Frank Lloyd Wright is a legend of American architecture, and his creations can be seen in locations throughout the United States. One of his most popular buildings, Taliesin East, is located about 35 miles outside Wisconsin near the city of Spring Green. Taliesin East has drawn throngs of Frank Lloyd Wright fans for generations, and it is widely considered one of his most iconic homes. Some experts even describe it as Wright’s signature masterpiece.

Construction of the home began in 1911, and continued until Wright’s death in 1959. Today, you can enjoy educational guided tours of the property, which shed light on the visionary skill that went into its creation and the unique features that make it well worth the drive from Madison.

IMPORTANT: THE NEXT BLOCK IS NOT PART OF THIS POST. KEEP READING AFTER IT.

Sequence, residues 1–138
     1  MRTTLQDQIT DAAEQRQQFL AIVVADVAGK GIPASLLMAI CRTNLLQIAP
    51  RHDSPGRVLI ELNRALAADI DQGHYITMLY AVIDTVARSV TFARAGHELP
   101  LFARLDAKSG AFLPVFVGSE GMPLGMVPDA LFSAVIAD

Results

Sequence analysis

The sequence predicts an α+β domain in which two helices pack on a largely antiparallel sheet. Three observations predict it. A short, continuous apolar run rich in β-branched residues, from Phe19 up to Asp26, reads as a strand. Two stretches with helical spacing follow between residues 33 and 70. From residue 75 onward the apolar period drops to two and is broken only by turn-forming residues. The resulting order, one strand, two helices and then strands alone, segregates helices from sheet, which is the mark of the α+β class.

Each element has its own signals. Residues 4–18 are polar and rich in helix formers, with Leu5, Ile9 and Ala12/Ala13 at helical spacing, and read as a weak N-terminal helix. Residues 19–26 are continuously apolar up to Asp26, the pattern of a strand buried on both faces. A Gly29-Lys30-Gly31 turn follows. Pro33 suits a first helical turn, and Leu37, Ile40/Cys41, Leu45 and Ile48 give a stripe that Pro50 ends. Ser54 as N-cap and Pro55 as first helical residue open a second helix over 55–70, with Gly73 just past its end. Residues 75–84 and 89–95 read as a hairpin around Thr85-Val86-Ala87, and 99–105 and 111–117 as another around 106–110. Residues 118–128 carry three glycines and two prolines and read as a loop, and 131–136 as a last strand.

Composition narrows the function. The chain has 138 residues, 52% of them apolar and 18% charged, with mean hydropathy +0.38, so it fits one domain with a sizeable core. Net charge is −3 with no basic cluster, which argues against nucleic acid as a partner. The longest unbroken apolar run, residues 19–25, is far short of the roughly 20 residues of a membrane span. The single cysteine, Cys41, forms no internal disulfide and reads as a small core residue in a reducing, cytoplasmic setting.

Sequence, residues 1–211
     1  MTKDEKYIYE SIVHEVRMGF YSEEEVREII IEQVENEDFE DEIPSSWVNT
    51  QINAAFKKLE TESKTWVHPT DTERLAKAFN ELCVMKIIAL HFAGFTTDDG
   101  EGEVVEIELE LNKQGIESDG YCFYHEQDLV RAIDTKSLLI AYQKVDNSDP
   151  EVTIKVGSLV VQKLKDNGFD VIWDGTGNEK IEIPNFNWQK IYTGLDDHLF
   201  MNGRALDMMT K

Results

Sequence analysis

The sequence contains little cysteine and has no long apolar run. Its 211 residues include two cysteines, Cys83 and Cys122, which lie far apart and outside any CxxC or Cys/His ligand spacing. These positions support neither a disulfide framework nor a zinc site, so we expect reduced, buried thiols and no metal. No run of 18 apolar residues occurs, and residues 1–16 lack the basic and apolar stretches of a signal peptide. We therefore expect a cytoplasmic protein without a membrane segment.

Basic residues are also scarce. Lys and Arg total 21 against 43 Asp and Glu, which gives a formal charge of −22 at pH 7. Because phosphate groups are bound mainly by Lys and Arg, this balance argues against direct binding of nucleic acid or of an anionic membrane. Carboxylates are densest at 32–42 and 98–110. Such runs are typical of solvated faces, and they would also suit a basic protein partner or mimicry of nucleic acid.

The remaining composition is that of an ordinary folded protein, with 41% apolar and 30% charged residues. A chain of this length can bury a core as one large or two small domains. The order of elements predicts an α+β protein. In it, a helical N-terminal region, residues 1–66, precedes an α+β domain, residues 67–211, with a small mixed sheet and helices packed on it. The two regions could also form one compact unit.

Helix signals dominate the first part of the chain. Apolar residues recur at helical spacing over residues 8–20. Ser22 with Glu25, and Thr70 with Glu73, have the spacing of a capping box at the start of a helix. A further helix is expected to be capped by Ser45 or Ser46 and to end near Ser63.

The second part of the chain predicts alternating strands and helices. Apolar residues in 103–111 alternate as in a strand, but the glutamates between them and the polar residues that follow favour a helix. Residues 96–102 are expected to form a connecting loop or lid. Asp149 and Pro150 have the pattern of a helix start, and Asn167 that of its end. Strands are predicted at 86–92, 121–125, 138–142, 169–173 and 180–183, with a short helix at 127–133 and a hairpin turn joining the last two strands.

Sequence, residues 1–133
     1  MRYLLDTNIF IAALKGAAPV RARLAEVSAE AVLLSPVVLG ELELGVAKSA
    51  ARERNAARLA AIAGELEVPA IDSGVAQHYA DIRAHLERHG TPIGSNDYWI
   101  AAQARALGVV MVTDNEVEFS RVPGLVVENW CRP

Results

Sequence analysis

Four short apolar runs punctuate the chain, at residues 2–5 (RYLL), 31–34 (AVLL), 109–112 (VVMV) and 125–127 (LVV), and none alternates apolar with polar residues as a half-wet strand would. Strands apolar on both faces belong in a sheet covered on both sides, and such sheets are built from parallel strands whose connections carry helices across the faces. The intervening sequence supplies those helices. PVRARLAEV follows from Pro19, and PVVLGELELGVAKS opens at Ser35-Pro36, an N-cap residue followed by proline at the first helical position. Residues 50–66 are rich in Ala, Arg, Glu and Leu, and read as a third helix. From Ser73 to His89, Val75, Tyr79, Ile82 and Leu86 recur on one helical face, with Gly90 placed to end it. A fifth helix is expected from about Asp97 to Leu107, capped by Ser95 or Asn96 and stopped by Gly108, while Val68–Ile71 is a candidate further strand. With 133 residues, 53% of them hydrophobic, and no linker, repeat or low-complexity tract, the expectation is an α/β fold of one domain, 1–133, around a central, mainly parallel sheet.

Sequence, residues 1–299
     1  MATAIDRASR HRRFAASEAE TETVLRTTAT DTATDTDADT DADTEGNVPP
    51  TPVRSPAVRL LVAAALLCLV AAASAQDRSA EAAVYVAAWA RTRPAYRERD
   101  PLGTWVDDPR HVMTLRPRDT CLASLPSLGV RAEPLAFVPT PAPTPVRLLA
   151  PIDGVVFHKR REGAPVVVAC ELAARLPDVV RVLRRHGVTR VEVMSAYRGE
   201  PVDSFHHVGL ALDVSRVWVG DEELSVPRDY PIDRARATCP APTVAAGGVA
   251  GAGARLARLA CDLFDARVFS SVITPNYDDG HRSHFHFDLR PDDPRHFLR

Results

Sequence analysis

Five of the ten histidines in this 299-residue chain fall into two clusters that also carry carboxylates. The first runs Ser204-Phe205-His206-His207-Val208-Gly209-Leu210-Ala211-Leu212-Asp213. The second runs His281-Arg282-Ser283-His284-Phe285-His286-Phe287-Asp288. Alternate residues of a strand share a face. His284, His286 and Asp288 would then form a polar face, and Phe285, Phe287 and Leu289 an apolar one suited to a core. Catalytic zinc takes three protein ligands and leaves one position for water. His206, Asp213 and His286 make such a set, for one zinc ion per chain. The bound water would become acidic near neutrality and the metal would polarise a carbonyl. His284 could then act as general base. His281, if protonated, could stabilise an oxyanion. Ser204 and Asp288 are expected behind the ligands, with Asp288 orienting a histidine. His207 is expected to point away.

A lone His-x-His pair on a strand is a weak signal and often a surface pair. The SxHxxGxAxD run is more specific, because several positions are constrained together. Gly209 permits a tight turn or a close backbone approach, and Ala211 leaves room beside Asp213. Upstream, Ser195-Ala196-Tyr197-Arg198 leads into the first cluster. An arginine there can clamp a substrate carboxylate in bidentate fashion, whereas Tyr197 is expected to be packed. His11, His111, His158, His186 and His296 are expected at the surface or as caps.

Photo by: Tailesin Preserve Facebook

5. Head to the House on the Rock

Frank Lloyd Wright was unquestionably a genius, and geniuses inspire others to follow in their footsteps. One such man was Alex Jordan Jr., who designed House on the Rock, an architectural curiosity that’s well worth a look if you want to see something that’s truly one of a kind.

House on the Rock sits atop Deer Shelter Rock between Dodgeville and Spring Green, and you can easily pop in for a visit on your way to or from Taliesin East. Featuring over 3,200 windows and the bold Infinity Room, which extends 218 feet over the Deer Shelter cliffs, House on the Rock is a oddity you won’t soon forget.

Photo by: The House on the Rock Attraction Facebook

4. Go Museum-Hopping

Madison has a thriving arts and culture scene, and there are many museums to discover during your stay. The Madison Museum of Contemporary Art is definitely on the list of must-sees, and history buffs will love the Wisconsin Historical Museum. However, if you’re only going to see one, many locals would tell you to make it the Chazen Museum of Art, which houses one of the region’s most complete collections of American and European photography and fine artwork.